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Lit Motors Puts a Gyroscopic “Spin” on the Traditional Motorcycle

When Daniel Kim, a Land Rover mechanic in Portland, Ore. , attempted to build the “perfect SUV,” his dreams crashed down on him in the form of a 500-pound Land Rover chassis he was welding. His original idea – to construct a smaller, more rugged SUV powered by biodiesel – gave way to a concept of more manageable size. Nothing like a near fatal accident to sharpen your thinking.

Kim, now the founder and CEO of San Francisco-based Lit Motors, was aware that 70 percent of motorists drive alone and waste significant space when parking their vehicles. Armed with this knowledge, within two weeks following his incident with the Land Rover, he had a solution: a gyroscopically stabilized, enclosed electric motorcycle called the C-1.

The C-1 aims to combine the efficiency of a motorcycle with the safety of a car. The vehicle delivers 1,300-foot-pounds of torque and has a range of roughly 200 miles – that's triple the range using a third of the battery requirements of an electric car. Like an electric car, it boasts regenerative braking and airbags, but has a notable size advantage over its four-wheeled counterpart.

Set for release a year from now, the C-1 will set buyers back $24,000, which is expensive compared to many traditional motorcycles, but quite competitive with compact cars. According to energy consultant Pike Research, the two-wheeled electric vehicles market will accommodate 138 million electric motorcycles and scooters by 2017, with China and southeast Asia accounting for a large share of the market.

However, there is a ways to go before Kim's electric motorcycles hum down our roadways, and previous electric motorcycles have met without success in the past – for example, the SAM, developed by Cree. But if the C-1 is received with enthusiasm, we may be seeing more two-wheeled electric vehicles and fewer Land Rovers on our streets and highways. Time will tell.

Full story at Txchnologist.

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Feature Articles

Titan Puts a New Spin on GE’s Wind Turbine Research

Unlike traditional energy sources, wind is a trouble to tame, which has led GE to turn to advanced simulations at Oak Ridge National Laboratory to put the technology on track to cover 12 percent of the world's energy production.

Lighting a Fire Under Combustion Simulation

Combustion simulation might seem like the ultimate in esoteric technologies, but auto companies, aircraft firms and fuel designers need increasingly sophisticated software to serve the needs of 21st century engine designs. HPCwire recently got the opportunity to take a look at Reaction Design, one of the premier makers of combustion simulation software, and talk with its CEO, Bernie Rosenthal.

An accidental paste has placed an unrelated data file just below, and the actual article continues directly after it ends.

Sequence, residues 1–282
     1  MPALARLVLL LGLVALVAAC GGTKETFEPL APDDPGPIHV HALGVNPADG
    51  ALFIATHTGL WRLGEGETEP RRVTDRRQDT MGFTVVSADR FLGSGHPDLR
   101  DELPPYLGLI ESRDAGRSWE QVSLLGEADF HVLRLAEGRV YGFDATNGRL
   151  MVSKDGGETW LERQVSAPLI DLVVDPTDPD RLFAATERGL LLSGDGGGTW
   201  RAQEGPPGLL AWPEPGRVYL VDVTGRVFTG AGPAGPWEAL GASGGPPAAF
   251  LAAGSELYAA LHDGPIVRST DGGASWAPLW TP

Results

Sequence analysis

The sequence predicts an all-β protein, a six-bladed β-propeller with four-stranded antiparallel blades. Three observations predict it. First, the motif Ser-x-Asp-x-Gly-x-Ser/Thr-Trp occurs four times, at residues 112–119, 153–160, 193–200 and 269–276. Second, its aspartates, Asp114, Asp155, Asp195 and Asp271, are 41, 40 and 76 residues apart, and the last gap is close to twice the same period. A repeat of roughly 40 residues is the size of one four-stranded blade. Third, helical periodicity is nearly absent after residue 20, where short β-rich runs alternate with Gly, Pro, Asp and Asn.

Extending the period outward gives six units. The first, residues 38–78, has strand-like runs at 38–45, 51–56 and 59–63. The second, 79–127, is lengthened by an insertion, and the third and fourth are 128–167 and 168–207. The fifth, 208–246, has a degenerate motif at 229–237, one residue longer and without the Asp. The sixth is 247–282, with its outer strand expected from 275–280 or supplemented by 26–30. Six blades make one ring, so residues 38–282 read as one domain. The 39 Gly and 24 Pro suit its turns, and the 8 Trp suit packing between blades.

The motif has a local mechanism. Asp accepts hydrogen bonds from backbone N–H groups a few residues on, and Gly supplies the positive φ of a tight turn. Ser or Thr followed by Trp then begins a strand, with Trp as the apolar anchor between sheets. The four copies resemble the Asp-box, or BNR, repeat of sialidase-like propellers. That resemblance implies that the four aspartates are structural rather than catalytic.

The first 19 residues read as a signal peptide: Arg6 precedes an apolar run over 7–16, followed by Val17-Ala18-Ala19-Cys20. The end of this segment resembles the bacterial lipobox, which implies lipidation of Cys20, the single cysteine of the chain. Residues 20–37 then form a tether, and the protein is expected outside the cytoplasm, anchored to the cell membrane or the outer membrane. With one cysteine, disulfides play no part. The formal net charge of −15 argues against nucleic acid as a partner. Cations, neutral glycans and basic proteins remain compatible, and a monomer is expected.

D-Wave Sells First Quantum Computer

On Wednesday, D-Wave Systems made history by announcing the sale of the world's first commercial quantum computer. The buyer was Lockheed Martin Corporation, who will use the machine to help solve some of their "most challenging computation problems." D-Wave co-founder and CTO Geordie Rose talks about the new system and the underlying technology.

Short Takes

Local Motors and ORNL Partner for Automotive Manufacturing

Jan 24, 2014 | Local Motors, a vehicle innovator, and the U.S. Department of Energy’s Oak Ridge National Laboratory (ORNL) have announced a new partnership that they hope will bring change to the automotive industry.

Robots Showcase Skills at DRC

Jan 22, 2014 | A month ago, the DARPA Robotics Challenge Trials (DRC) commenced. The main goal of the event was to aid in the development of robots that will someday respond to natural or even man-made disasters. At this year’s DRC, prototype robots from 16 teams were put through a series of trials in which they were to showcase their skills.

Engineers Develop Microwindmills to Power Electronics

Jan 17, 2014 | Engineers at the University of Texas at Arlington have developed a new technology that could come in handy when electronic devices run out of power. Their idea stems from a source of power generation that we are all familiar with; windmills.

Advanced Modeling Benefits Wind Farms

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Not Your Parents' CFD

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The UberCloud HPC Experiment: Compendium of Case Studies

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